I won’t be defending Harbhajan if indeed he made monkey taunts, but if this is the picture that forms the basis of their accusation, it is a very weak one.
[Not justifying anything, but apparently the crowd was also having quite a go at him with shouts of 'wanker' (typically Australian) to 'knob head'/'cut your hair', a reference to his Sikh religion. Classy stuff.]
The Aussie press has really gone ballistics after their invicible team lost last night. Most of the reports keep focusing on meaningless stuff like how much the Indians celebrated e.g. how Yuvraj and Harbhajan cheekily started a mock shadow boxing round after Hayden was out (hilarious stuff IMO), rather than the game itself.
W hat a bunch of sore whiners.
Take this absurdity from Malcolm Comm whose list of Harbhajan’s past trangressions include:
Others included poking his tongue out in a one-day match against SriLanka and running most of the way to the boundary during the SydneyTest before doing several awkward rolls after dismissing Ricky Ponting
Now you cant stick your tongue out ?!! What about Brad Hogg then ?
And of course, Peter Lalor is at it again, this time raking up a bunch of pathetic excuses for Ricky Ponting’s slump in form. I am too tired to fisk him, but Mohan at i3j3Cricket has done a pretty good job.
Updated: Here is the actual mp3 of the Hayden interview from Bisbane’s triple M (via). Apart from the comment on Harbhajan, Hayden mocks Ishant Sharma, mimicking an Indian accent, while inviting the 19-year old into a boxing ring. As I said, real classy behavior from one of the seniormost Australian players.
Matthew Hayden, otherwise known as a god-fearing, church-going bloke, and a celebrated cook who also opens the batting for Australia, obviously does not feel that dissing and bad-mouthing your opponents in public is anything that Christ wouldn’t approve of.
Matthew Hayden has stirred already troubled waters by calling Harbhajan Singh an “obnoxious weed“, a comment that will only serve to further deepen the animosity between the two sides which has surfaced during India’s current tour.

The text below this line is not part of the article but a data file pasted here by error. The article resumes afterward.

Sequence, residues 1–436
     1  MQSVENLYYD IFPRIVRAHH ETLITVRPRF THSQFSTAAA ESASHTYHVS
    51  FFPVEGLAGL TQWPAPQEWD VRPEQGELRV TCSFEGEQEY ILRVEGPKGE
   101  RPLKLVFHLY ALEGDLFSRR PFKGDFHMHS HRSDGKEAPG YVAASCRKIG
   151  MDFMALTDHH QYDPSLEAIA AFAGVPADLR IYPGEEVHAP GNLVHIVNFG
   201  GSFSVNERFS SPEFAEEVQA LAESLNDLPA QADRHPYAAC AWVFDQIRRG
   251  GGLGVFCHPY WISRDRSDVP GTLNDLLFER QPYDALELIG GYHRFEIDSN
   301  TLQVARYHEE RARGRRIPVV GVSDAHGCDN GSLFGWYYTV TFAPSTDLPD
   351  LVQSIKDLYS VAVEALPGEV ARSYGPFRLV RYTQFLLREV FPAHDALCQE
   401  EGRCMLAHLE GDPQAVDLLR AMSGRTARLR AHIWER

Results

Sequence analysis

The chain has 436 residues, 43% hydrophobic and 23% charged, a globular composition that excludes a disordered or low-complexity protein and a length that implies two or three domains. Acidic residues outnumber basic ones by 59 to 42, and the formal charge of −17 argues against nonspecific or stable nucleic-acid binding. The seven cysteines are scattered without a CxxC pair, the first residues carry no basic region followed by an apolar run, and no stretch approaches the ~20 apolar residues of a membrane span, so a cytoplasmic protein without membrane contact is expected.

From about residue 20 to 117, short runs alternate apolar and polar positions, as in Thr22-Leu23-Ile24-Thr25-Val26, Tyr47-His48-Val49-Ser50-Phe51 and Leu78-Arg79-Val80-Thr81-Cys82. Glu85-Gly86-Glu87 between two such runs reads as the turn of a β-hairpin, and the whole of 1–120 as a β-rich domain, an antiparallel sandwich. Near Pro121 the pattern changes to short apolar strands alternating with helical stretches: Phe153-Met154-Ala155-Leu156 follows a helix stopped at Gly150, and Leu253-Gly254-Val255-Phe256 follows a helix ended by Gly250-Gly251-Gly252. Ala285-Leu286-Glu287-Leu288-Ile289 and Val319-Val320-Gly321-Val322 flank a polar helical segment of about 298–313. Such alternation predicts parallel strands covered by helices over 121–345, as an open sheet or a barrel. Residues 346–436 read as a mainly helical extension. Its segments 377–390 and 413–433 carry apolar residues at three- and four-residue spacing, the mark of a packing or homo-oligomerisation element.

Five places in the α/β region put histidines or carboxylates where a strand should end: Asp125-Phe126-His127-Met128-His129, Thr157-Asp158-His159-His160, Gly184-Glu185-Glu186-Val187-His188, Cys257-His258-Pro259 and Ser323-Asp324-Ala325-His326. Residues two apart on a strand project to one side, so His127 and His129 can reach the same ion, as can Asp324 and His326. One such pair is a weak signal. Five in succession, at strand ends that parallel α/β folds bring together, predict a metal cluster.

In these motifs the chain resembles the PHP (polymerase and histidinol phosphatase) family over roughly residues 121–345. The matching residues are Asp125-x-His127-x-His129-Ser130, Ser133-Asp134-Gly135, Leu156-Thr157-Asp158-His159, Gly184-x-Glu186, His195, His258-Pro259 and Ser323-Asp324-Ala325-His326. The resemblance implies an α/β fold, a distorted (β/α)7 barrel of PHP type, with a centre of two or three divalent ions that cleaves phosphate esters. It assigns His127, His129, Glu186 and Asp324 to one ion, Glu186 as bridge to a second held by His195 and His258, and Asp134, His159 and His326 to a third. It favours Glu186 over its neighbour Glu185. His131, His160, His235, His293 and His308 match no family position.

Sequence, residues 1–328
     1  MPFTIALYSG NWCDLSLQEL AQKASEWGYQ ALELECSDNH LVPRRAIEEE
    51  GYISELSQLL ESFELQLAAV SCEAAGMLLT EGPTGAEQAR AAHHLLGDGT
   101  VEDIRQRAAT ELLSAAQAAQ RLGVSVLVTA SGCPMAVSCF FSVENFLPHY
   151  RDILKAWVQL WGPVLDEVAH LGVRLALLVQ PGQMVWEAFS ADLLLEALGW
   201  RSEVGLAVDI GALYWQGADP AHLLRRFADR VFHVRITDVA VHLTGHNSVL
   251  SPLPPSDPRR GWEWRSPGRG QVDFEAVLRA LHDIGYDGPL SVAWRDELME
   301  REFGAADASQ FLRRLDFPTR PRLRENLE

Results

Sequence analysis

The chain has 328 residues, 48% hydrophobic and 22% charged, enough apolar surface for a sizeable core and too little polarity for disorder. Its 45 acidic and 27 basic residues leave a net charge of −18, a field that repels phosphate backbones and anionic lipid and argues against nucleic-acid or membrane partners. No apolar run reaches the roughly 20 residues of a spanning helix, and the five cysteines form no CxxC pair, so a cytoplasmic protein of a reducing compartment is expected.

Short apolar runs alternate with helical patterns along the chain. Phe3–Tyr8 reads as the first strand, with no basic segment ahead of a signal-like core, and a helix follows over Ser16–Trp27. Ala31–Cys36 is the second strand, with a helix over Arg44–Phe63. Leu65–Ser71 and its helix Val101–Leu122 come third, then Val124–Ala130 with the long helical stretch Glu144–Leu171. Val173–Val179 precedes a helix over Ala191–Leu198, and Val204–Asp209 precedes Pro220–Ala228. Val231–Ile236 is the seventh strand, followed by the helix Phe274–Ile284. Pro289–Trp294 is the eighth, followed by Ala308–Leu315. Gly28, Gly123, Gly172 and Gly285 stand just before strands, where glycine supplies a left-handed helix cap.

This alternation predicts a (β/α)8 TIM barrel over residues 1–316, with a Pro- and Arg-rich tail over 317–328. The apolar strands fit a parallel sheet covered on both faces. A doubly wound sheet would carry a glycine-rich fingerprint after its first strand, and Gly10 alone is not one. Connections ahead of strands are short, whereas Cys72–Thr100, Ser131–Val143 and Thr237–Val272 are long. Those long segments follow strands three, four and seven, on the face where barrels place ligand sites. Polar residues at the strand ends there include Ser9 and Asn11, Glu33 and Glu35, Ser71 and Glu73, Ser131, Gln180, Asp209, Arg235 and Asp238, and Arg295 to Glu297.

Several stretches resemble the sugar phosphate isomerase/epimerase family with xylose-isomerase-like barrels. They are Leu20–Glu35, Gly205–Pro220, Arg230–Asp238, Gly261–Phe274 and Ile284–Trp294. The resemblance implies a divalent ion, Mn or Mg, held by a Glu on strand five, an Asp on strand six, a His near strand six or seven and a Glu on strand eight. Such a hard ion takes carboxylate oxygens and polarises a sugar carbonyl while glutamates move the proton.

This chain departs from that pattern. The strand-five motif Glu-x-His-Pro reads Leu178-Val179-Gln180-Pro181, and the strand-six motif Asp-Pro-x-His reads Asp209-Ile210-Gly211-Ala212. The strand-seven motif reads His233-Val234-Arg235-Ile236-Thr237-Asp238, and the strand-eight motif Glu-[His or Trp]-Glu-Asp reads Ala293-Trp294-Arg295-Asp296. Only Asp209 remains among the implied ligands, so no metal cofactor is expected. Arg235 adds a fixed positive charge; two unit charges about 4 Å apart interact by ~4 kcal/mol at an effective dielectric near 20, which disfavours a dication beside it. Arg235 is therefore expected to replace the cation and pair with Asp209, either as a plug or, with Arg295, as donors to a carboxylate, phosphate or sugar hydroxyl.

In the same breath he says:
Hayden played down the incident, accusing the Indians of complaining because “they are losing every game they are playing,”
Erm……even forgetting that India won two games recently againt Sri Lanka, Hayden obviously has a very short memory of his own team’s performance. Btw, Hayden also says that Harbhajan “has been charged more than anyone that’s ever played in the history of cricket.” which is a blatant lie (also consider that Hayden’s captain, Ricky Ponting, has the same number of charges as Harbhajan).
Finally, Hayden is even gracious enough to offer some advice to young Ishant Sharma (who was fined in the last match for helpig a lost Andrew Symonds find his way to the dressing room):
“He is just young. I have said to him many times, ‘You are 19, take it easy’,” Hayden said. “At the end of the day he is 19, why doesn’t he just worry about his bowling for a while?”
What a novel idea ! Wonder if Hayden will heed his own saying and worry about bludgeoning bowlers out of the park rather than talking up shit.
Eventually, it is unfortunate how all these slanging matches are deflecting attention from some fantastic cricket this summer. I am pretty pissed off (at both sides) to the extent I am considering not going to the stadium to watch the second final at the ‘GABBA. Saves me money and the headache you get from drinking XXXX all day.
Love it, hate it, disrespect it, but can’t ignore it. Its time again for the pomp and glamor of the most celebrated of cinematic awards, the Oscars. Last year I managed to live-blog the event, suggest cocktails, offer a roundup etc – all thoroughly entertaining.
Unfortunately this year, I am further removed from the action, at work and even if I wasn’t, would you beleiev it, there is no live telecast in Australia !!! How rural.
Anyway, hope Jon Stewart does a good job of hosting. He did okay two years ago, and I suppose he could not do anything worse than Ellen Degeneres did last year.